The Gently Sloping Career Ladder III

Posted by in Career Advice


When I left off on my last blog I had put on a suit and was going down to apply for a job that was more in line with what I wanted even though I had been hired that day by another company.  For shame you say (Like you’d say that) that isn’t sporting.   No, but it isn’t dishonest.  I don’t think the fast food restaurant I didn’t work for went out of business without me as a manager either.

When I arrived I had to take a test for my new job.  Math is very important in a lumberyard.   This is a good tip for jobseekers.  Brush up on your math and English.  There are free tools on line you can use.  You don’t know what awaits you at the interview.

At any rate, I knew I had the job almost from the start.  No one else had a resume or wore a suit.  Remember, a suit shows that you respect the person for whom you are interviewing.  I don’t care if the job is to sweep floors.   No one ever lost a job that I know of by wearing a suit.

The job I applied for was at an 84 Lumber as a manager-trainee, and I got the job.  It turned out to be a good move on my part.  84 Lumber is like the Harvard of Lumberyards.  And you can make good money in this field.  I know people who make high six figures working in this area as their career tops out.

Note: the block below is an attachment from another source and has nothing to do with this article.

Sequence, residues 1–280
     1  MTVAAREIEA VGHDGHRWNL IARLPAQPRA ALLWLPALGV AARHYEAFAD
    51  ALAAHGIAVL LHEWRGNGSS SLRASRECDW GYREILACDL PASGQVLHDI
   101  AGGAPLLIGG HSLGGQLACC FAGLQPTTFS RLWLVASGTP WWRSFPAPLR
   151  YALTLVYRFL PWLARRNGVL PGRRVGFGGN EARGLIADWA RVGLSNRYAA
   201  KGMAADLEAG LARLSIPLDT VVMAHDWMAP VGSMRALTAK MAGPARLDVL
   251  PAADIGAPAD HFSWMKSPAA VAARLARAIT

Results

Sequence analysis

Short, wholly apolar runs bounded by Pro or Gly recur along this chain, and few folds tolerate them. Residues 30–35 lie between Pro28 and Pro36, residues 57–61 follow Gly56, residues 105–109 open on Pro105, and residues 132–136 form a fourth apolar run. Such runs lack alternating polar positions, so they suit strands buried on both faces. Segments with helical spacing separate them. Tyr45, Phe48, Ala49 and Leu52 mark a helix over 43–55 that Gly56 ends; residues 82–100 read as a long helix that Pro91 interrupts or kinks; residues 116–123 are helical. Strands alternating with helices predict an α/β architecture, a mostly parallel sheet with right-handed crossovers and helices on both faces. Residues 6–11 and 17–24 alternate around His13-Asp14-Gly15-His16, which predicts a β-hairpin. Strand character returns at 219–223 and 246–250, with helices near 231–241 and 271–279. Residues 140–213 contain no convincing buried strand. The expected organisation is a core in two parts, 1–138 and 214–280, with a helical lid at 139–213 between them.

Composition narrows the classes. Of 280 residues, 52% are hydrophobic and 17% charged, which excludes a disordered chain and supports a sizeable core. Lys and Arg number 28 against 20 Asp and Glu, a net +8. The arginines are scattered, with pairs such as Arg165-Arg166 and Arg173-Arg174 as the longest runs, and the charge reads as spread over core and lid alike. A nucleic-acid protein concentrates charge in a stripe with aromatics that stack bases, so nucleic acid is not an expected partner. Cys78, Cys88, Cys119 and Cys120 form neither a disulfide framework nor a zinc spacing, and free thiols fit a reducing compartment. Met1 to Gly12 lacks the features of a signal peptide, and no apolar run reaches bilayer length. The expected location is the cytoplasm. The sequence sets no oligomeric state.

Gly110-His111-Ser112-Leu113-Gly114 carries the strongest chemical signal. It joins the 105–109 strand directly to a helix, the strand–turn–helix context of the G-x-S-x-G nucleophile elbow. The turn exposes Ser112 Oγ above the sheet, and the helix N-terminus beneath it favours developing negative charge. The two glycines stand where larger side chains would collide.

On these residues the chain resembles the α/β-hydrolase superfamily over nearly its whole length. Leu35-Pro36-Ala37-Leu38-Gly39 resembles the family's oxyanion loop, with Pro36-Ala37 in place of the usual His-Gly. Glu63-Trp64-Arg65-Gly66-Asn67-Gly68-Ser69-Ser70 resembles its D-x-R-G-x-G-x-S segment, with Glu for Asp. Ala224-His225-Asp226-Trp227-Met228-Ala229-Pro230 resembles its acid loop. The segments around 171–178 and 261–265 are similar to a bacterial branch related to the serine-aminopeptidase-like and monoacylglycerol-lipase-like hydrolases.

But, I will also admit that it was hard work.  52 hours a week minimum.  No weekends off because my boss took all of them.  We all loved him and didn’t care that he got them off; it was that we never seemed to get two days off in a row on the other days. 

And try walking on cement thirteen hours a day with no heat in winter.  Also, and I kid you not, you could get frost bite at the cash register.  

Because of this we could never keep a cashier.  How angry do you think an ice cold customer gets when he only wants two nails, and he is behind 5 guys building a house, and you can’t run just a cash register for guys like him, or you’d not have enough people to load lumber and then you’d have ten ice cold angry guys in the other line waiting on lumber. 

The problem was 84’s idea of personalized homeowner service butted against the fact that we had a huge multi-million dollar a year builder that drained manpower from the homeowner sales.  Now you’d have a contractor salesperson do this account and 84 Lumber does. It is a great company and has learned and fixed all the problems huge accounts like this cause for homeowner sales.  But then this was new.

I got fed up eventually.  I broke up with my 4th girlfriend because of the hours and no consecutive days off, and I told my best friend that “this one I actually liked.”  I then made a bad move.

I quit my 84 job without a new better job.  I jumped off that gently sloping career ladder.  I’d get back on it again, but this jump off taught me a valuable lesson.  Don’t leave a good paying job even if it is hard on your body and your personal life without a better job.  You know what was even harder than my lumberyard job where in my first year I made $ 30,000 at the age of 28 in 1987.  I was making $19,000 a year at 30. 

I will tell you how it ends next week and wrap it up with good advice.  A hint.  I retired at 50, so the story has a happy ending.


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